“China’s investment has yielded a total fleet size of around 215 vessels, of which 105 are considered large (more than one-thousand-tons displacement) and 110 small (less than one thousand tons). In terms of total tonnage, China boasts the largest coast guard in the world at roughly 190,000 tons, enjoying substantial quantitative overmatch over its Asian competitors.” (The CCG reportedly has 17,000 members.)

Japan Coast Guard had a head start, it has grown less but still has more ships than the USCG.

In terms of fleet size, the U.S. Office of Naval Intelligence estimates that Japan has approximately fifty-three large and twenty-five small vessels in operation. The largest vessels in the JCG fleet include two PLH-class vessels with a displacement of 6,500 tons (9,000 tons fully loaded) and two Mizuho-class vessels of 5,200 tons. For comparison, the largest and most capable destroyers in the JMSDF, the Kongo-class vessels, displace approximately 9,500 tons. Most of the medium-to-high-endurance JCG vessels are equipped with deck-mounted autocannon that range in caliber from 20 to 40 mm, and most JCG officers carry light firearms for self-defense. Notably, the PLH-class cutters are only equipped with two Oerlikon 35–40 mm autocannon and two M61 Vulcan 20 mm six-barrel Gatling-style guns, compared with the 76 mm cannon on China’s largest cutter, Haijing 3901.

In terms of aviation assets, the JCG has by far the largest fleet in Asia, second only to the U.S. Coast Guard in the world, boasting twenty-six fixed-wing aircraft and forty-eight helicopters. Finally, the JCG has roughly 13,500 personnel, second most among coast guards in Asia.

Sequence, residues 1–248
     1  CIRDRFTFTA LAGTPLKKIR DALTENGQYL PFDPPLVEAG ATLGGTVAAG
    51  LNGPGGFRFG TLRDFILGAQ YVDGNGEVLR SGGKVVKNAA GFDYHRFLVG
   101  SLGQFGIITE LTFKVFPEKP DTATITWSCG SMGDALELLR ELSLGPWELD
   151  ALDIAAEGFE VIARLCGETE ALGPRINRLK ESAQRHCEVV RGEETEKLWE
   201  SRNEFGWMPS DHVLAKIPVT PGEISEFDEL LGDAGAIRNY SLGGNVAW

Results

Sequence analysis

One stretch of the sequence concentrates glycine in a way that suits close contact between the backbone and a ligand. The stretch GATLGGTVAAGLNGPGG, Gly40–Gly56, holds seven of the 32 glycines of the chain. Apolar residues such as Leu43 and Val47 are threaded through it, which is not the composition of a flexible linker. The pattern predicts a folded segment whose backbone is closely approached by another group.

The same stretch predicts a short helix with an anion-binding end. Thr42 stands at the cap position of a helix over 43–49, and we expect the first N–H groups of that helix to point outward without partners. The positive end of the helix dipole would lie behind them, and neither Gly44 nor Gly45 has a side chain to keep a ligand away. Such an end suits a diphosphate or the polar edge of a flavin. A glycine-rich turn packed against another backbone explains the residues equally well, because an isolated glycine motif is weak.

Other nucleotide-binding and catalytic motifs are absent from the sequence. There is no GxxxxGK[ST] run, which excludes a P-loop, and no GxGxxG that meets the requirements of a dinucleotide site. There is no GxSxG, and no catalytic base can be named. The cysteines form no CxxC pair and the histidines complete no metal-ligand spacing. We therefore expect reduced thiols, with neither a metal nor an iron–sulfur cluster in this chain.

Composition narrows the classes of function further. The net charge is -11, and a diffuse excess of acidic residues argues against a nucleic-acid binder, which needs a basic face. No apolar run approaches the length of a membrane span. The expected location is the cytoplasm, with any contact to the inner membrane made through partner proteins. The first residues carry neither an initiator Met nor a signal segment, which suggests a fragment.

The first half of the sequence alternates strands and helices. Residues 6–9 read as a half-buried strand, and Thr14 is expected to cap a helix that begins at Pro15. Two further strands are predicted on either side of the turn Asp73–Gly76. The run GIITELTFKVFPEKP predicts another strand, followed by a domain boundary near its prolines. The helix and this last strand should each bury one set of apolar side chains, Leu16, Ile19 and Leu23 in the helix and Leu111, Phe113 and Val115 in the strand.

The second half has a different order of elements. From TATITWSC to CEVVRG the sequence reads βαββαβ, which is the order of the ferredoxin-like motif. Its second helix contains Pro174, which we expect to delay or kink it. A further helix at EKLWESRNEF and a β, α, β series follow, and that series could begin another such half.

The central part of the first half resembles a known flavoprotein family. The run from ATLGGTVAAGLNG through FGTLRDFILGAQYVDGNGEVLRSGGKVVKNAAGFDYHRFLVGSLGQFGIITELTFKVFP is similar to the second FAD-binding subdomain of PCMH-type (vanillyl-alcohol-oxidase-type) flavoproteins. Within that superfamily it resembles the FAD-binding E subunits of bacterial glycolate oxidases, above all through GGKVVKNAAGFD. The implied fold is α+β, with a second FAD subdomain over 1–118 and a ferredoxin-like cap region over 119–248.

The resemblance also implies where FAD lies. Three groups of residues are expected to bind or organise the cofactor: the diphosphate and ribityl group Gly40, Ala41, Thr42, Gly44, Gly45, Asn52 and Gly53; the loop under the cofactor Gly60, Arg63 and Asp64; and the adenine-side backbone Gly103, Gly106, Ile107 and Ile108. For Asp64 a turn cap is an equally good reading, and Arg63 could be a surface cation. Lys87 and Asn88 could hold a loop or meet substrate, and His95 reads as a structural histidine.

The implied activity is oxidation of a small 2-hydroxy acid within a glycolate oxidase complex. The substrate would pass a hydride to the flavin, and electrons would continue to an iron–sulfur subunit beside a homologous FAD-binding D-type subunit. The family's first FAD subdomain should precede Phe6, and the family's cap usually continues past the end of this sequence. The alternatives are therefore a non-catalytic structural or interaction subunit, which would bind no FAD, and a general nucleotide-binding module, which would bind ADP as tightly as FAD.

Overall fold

Vietnam has also recently formed a Coast Guard.

The VCG has approximately fifty vessels: five large (the largest displaces 2,500 tons) and forty-five small. Soon after the Haiyang Shiyou 981 (HYSY 981) incident in 2014, Vietnamese prime minister Nguyen Tan Dung announced the allocation of U.S.$540 million to build thirty-two new coast guard ships and hundreds of aluminum fishing vessels that can withstand ramming better. With the delivery of two five-hundred-ton TT400TP-class patrol vessels in January 2016 and the addition of six one-thousand-ton patrol craft pledged from Japan, Vietnam will boast the largest coast guard fleet in Southeast Asia. Most VCG vessels have light-caliber deck-mounted autocannon or machine guns (ranging in size from 14.5 to 23 mm) or both, and most crewmembers carry light firearms for self-defense. The VCG has three fixed-wing CASA C-212 Aviocar patrol aircraft. The VCG has approximately 5,500 total personnel.

The Philippine Coast Guard:

The PCG maintains a small fleet of eight medium-endurance patrol craft, mounted with 50 mm autocannon; four buoy tenders; and roughly thirty-two small patrol vessels. Japan’s announcement that it plans to sell eight medium endurance cutters to the Philippines will mean an almost doubling of the PCG medium-endurance-cutter fleet. The PCG has only two operational aircraft— one fixed wing and one helicopter—but it is slated to receive two helicopters from France within the next few years. Finally, there are roughly 9,000 personnel in the PCG, with plans to expand to 13,500 by 2020.

A final note: 

It is not clear what type of displacement the study used. I try to consistently use full load, but Asian nations tend to try to minimize displacement and frequently report only light displacement.

The total displacement of the US Coast Guard’s ships is also going up, but it is not because of more ships, it is because the ships are larger. The total full load displacement for the program of record, 8 NSCs (36,000 tons), 25 OPCs (about 100,000 tons), and 58 FRCs (21,170 tons) is about 157,170 tons. The NSCs are 50% larger than the 378s. The OPCs are a third larger than the 378s and four times the size of the 210s. The FRCs are three times the size of the 110s they replace.

It might be assumed that a Country’s Coast Guard’s size should be related to the size of the country’s EEZ. It doesn’t seem to have worked that way. The size of the EEZs for the countries is

China: 877,019 km2 (plus disputed claims for 3,000,000 km)

Japan: 4,479,388 km2

Philippines:  2,263,816 km2

Vietnam: 748,875 km2

USA: 11,351,000 km2